If you workout in a group fitness class or a small group, you’ve probably noticed how effective it can be…as well as enjoyable. I’ve been coaching groups (and joining them myself) for a number of years now and I can honestly say, working out in a group will boost physical performance, enhance pain tolerance, reduce those feelings of discomfort and fatigue, and promote social bonding.
Outside the physical act of exercise, I can also say that being part of a group (team) delivers loads of other benefits. Teams can help us:
Create new things
Feel more engaged, connected and inspired
Define our identity and sense of self
Satisfy our innate need to belong
Increase resilience and provide support
Develop empathy and generosity
Improve social cohesion and cooperation
Share meaning and purpose
Better navigate life’s physical and mental stressors
Improve health and well-being
Reduce feelings of depression and anxiety
That’s a pretty good list…But, why does being part of a team makes us more successful?
Behavioural scientists have worked out and pinpointed the characteristics of successful groups and they can now tell us why the good groups work. So now we can use these findings to build teams, groups and support networks to improve our chances of success in all areas of life. Ie., our health/fitness, careers, relationships and personal development.
From an evolutionary perspective, out of a desire to survive, humans instinctively sought out other people and formed tribes. Forming tribes meant we could share food, warmth, and shelter, and better manage the danger of attacks from animals or other tribes.
Now, once these initial survival components were satisfied, humans developed a psychological need to belong. The tribe made us feel included, accepted, and gave us an identity. We could see ourselves as part of something bigger. We shared a sense of purpose. We began to crave the social contact and bonding that group environments provided.
Fast forward to today, and we now spend a lot of our time in groups. In fact, plenty of our everyday activities occur in groups. Working, relaxing, exercising, learning, socialising, or just having fun. From our immediate families, roommates, social circles, gym buddies and work teams to organisations, communities, societies, and cultures…we’re heavily influenced by group dynamics, whether we realise it or not.
However, just because we gather in groups doesn’t automatically make them effective teams. Most of us, at some stage, would have been in a group that damaged, rather than improved, our lives. So, what makes a great team?
First, to better understand team dynamics, let’s take a quick primer on group psychology and the key elements that create effective teams.
1. Behavioural Synchrony
Behavioural synchrony is that feeling of being completely connected to another person. Where you felt on the same wavelength, totally understood, and just clicked.
You’ll come across it when you’re in that flow state with others. You’re in-sync, you’re coordinating each others minds, moving in the same direction.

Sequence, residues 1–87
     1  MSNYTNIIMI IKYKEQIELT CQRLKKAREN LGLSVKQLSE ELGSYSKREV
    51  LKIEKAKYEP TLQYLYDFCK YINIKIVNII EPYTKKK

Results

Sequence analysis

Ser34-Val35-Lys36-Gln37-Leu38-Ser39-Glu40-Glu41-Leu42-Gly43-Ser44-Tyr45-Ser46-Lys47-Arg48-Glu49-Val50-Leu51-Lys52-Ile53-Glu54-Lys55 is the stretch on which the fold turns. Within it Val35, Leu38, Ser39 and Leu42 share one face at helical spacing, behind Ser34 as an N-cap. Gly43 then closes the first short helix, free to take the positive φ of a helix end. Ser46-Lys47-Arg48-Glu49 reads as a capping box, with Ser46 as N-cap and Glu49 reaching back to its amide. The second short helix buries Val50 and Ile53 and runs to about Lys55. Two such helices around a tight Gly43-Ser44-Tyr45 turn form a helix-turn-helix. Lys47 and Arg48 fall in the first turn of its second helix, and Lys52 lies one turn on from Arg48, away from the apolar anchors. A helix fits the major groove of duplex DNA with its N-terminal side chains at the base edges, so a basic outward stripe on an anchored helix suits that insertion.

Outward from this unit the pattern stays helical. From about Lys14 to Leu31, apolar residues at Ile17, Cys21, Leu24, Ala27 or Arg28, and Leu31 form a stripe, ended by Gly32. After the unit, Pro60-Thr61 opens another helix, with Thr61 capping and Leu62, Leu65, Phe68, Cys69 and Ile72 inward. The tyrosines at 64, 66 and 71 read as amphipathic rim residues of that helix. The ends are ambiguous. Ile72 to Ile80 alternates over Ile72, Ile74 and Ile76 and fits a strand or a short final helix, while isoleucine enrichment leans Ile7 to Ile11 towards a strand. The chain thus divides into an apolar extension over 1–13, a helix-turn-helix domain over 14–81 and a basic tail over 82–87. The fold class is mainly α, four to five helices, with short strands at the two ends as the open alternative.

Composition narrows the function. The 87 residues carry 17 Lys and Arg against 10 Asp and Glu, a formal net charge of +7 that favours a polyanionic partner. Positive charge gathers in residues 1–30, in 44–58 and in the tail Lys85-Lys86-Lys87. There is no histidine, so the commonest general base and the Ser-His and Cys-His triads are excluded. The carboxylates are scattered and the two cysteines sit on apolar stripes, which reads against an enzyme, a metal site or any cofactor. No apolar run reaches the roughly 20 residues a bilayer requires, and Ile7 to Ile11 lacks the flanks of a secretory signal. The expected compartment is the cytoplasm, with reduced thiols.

Even though you can force this synchrony, it can be developed by physically moving together. Exercising, dancing, singing, clapping in time with music, walking in step, or mirroring each other’s posture. These things help arrange group behaviour, enhance cooperation, and strengthen bonds between group members. Building trust.
2. Hive Psychology
Clearly humans can be self-absorbed. We evolved to find solutions that benefit ourselves, usually making us competitive. These traits aren’t naturally good or bad…they’re just part of our psychology that’s helped us survive and thrive.
But, then there’s hive psychology, where we switch our minds from chasing individual needs to looking after group needs. In this state, we think less about “me” and more about “us.”
Obviously, hive psychology draws its name from the behaviour of bees in hives, where groups of bees act cooperatively, cohesively, and selflessly as a single unit to achieve the best result for the hive as a whole. In humans, groups that utilise hive psychology show greater connection, understanding, and relatedness. They also have higher levels of well-being, happiness, and hope. By temporarily thinking less about ourselves directly, we find ourselves ourselves in the group’s shared purpose and thrive in ways not possible on our own.
3. Social Facilitation and Cognition
Have you noticed you tend to behave or perform better when other people are around (or, when you know someone is watching)? This is known as social facilitation. It describes the extent to which our behaviour is enhanced by the mere presence of other people.
That’s why we tend to perform better when exercising with other people, why we tend to eat better when we’re held accountable by others, and why solo entrepreneurs look for co-working spaces to enhance their productivity and creativity.
The Key Elements of a Productive Team
Now that we understand the psychology behind why teams make us more successful, we should think about how. Here some key factors that make up a highly-functioning and well-developed group:
Participating in common activities
Having shared goals
Encouraging collective discussions and conversations
A strong sense of social support
Having mutual empathy and trust
Sharing knowledge with others
Using accountability and responsibility
Having a unified purpose
Promoting cohesive bonds
From this list, think about your team on the challenge, or your teams at work, or your sporting groups. Which of these elements exist in your groups and teams? Are there areas that are missing or that could be improved? How could those areas be improved?
(Tip: these questions are great topics to discuss within your group.)